1. A controversy, once decided by a competent tribunal, cannot
be reexamined by another court of concurrent jurisdiction in a suit
between the same parties or their privies.
2. The statute of Ohio authorizes any person in possession of
real property to institute a suit against anyone who claims an
estate or interest therein adverse to him for the purpose of
determining such adverse estate or interest.
3. The judgment of a court in proceedings under this statute
determines the merits of the plaintiff's title as well as that of
the defendant, and is conclusive whether adverse to one or the
Page 67 U. S. 607
MR. JUSTICE NELSON.
The action was ejectment to recover possession of certain
parcels of land situate in the County of Hamilton.
On the trial the lessor of the plaintiff claimed title to the
premises under the will of Andrew Ferris and Elizabeth A. Parrish,
his wife, who was a daughter and only child of Andrew Ferris.
The defendants by way of defense, claimed title also under the
same will, and in addition set up in bar of a recovery a previous
suit between the same parties in the courts of the State of Ohio
involving the same title, and in which a judgment or decree was
rendered in their favor.
By a statute of Ohio it is provided that
"An action may be brought by any person in possession, by
himself or tenant, of real property, against any person who claims
an estate or interest therein adverse to him for the purpose of
determining such adverse estate or interest."
In 1853, Francis A. Parrish, under whom the present lessor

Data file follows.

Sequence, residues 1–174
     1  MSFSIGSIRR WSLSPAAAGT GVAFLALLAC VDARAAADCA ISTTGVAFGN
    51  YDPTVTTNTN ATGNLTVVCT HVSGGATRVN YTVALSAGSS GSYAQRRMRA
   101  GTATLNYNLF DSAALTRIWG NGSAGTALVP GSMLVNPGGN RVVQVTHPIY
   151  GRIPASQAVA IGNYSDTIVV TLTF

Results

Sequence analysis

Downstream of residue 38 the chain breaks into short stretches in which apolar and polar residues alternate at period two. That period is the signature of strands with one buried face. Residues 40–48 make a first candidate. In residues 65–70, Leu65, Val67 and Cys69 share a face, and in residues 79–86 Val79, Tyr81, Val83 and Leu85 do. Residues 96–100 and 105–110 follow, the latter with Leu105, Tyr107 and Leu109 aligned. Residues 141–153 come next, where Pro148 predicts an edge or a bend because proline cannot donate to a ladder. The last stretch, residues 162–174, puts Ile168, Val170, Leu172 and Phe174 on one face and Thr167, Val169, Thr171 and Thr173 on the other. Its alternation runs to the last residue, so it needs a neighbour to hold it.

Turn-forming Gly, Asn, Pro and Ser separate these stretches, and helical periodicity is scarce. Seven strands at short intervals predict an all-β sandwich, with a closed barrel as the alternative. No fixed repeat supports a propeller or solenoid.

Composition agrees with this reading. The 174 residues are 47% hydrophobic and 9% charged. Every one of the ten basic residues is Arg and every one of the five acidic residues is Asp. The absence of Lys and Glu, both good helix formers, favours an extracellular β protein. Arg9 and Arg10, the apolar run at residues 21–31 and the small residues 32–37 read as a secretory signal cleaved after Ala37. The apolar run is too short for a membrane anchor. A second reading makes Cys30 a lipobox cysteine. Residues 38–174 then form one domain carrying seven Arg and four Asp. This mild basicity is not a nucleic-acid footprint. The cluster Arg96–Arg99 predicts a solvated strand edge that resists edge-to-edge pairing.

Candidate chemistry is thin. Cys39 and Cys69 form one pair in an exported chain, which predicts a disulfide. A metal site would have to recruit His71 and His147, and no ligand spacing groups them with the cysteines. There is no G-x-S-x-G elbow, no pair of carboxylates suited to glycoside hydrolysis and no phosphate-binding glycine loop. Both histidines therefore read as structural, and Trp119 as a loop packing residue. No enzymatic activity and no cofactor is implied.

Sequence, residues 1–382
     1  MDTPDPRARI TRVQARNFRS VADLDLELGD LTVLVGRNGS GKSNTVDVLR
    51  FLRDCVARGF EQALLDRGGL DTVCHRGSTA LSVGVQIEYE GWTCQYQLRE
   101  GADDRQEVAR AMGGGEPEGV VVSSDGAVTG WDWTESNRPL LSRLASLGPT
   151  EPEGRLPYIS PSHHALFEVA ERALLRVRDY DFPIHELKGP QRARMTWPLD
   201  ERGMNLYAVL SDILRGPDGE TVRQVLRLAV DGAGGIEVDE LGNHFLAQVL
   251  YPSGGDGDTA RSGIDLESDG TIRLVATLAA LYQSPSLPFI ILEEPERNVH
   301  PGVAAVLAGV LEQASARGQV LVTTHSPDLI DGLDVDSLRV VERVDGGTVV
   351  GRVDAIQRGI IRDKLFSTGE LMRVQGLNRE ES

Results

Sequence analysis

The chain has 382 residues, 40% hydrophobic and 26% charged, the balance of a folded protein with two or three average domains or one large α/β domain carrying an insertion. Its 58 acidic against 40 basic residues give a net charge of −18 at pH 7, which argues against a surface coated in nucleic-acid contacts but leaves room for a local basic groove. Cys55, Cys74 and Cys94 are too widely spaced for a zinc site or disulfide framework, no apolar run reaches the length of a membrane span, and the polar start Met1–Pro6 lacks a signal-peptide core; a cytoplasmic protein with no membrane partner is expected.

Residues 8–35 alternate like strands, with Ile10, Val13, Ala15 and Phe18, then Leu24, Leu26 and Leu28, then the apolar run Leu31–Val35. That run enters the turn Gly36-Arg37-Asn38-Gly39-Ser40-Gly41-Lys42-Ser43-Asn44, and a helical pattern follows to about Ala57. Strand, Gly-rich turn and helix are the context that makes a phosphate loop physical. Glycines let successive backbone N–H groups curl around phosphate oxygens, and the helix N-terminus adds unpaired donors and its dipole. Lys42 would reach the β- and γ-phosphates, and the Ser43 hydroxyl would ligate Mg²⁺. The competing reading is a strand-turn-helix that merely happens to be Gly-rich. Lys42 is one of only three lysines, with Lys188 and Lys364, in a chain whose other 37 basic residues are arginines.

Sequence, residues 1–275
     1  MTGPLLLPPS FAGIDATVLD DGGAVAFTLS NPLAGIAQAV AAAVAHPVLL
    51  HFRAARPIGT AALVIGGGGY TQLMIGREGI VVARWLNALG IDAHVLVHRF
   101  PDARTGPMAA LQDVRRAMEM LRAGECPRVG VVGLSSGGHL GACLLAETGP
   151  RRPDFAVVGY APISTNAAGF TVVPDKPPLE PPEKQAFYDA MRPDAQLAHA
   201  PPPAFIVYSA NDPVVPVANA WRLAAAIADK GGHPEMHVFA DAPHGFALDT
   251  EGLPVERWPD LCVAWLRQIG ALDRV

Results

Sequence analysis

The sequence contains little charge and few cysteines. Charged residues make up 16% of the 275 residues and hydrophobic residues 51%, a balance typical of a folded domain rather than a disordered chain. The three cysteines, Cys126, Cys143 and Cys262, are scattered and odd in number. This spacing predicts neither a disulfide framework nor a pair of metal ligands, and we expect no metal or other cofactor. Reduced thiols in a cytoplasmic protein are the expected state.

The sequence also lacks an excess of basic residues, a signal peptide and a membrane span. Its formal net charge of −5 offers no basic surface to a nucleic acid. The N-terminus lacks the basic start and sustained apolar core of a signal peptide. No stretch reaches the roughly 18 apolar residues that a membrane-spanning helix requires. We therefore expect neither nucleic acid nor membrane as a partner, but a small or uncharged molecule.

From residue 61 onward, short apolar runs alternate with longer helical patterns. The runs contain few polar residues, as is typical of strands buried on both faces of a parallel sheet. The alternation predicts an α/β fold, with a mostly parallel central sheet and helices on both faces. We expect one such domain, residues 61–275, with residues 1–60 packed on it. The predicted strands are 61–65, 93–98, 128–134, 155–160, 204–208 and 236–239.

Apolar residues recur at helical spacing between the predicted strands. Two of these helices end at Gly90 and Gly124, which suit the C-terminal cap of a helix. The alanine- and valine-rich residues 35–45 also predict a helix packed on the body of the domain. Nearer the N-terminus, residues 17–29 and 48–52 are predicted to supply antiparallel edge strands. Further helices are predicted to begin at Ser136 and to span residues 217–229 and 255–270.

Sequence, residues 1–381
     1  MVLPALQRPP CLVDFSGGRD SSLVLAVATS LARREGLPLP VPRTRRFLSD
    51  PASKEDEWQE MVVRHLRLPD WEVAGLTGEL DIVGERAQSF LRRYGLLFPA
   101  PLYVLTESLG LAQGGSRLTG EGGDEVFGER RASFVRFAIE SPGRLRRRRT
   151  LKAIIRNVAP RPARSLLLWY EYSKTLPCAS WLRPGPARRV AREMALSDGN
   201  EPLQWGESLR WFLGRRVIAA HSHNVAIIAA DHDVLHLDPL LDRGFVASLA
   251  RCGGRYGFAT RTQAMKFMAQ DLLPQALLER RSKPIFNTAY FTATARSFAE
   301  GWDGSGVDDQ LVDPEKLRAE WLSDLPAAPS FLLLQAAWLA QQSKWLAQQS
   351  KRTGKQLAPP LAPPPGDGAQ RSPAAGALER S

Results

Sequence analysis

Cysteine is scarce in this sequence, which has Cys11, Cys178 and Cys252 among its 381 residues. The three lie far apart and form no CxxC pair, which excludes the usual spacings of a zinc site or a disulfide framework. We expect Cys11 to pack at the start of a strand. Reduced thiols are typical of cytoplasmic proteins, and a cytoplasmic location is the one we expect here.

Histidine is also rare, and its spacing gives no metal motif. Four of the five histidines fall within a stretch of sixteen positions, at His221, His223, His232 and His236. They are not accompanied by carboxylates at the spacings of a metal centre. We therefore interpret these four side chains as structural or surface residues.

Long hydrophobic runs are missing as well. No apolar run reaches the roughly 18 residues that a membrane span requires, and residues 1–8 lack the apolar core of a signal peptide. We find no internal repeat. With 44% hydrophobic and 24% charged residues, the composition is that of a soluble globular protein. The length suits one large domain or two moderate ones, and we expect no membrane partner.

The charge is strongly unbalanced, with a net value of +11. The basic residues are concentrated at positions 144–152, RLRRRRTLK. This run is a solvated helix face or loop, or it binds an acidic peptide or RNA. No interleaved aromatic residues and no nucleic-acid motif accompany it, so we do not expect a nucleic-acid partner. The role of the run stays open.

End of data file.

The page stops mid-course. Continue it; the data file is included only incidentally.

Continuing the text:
claims title, being in possession of the premises, instituted
proceedings under this statute against the present defendants in
the Court of Common Pleas of the County of Hamilton, and in his
bill or complaint set forth that he was in possession, holding the
same as absolute owner in fee simple, and with the legal title
thereto of the premises in question, describing them, and charging
that the defendants claimed to have some estate or interest in the
same and prayed that the defendants might be compelled to show what
estate or interest in the lands they or any of them might have;
that the court might determine and declare that the defendants, nor
any of them, had any valid interest or estate therein; and would
order that the title of the plaintiff and his possession be
established and quieted.
To this bill of complaint the defendants answered and admit
Page 67 U. S. 608
the possession of the plaintiff, but deny that he hold the same
as absolute owner in fee simple, and with the legal title thereto,
and then set up title in themselves under the will of Andrew
This is the substance of the issue made between the parties. It
is very much amplified by the form of the pleadings adopted, which
set out the evidence of the facts instead of the facts themselves.
The court, however, looks to the substance of the issue, and by
that it appears that each party claimed title derived from the will
of Andrew Ferris -- the plaintiff claiming by devise through his
wife, the only child of the testator, the defendants as his
brothers and sisters, or their heirs. The title, whether in the one
or the other, turned upon a construction of the will of Andrew
Ferris, the common source of title.
The court, after consideration, held that the plaintiff took the
legal title in the premises and that the defendants had no title or
interest in the same, and gave judgment accordingly, whereupon the
defendants appealed to the district court, which, on account of the
case involving difficult and important questions of law, sent it to
the supreme court for determination.
That court, after holding that no estate passed to the plaintiff
under the will of Andrew Ferris and the devise of his wife and that
it passed to the defendants, the brothers and sisters, reversed the
decision of the court of common pleas and decreed a dismissal of
the bill or complaint and remanded the cause to the district court
to have this decree carried into effect.
It will be seen from the above statement of the issue that the
precise question in the former suit between these parties, or those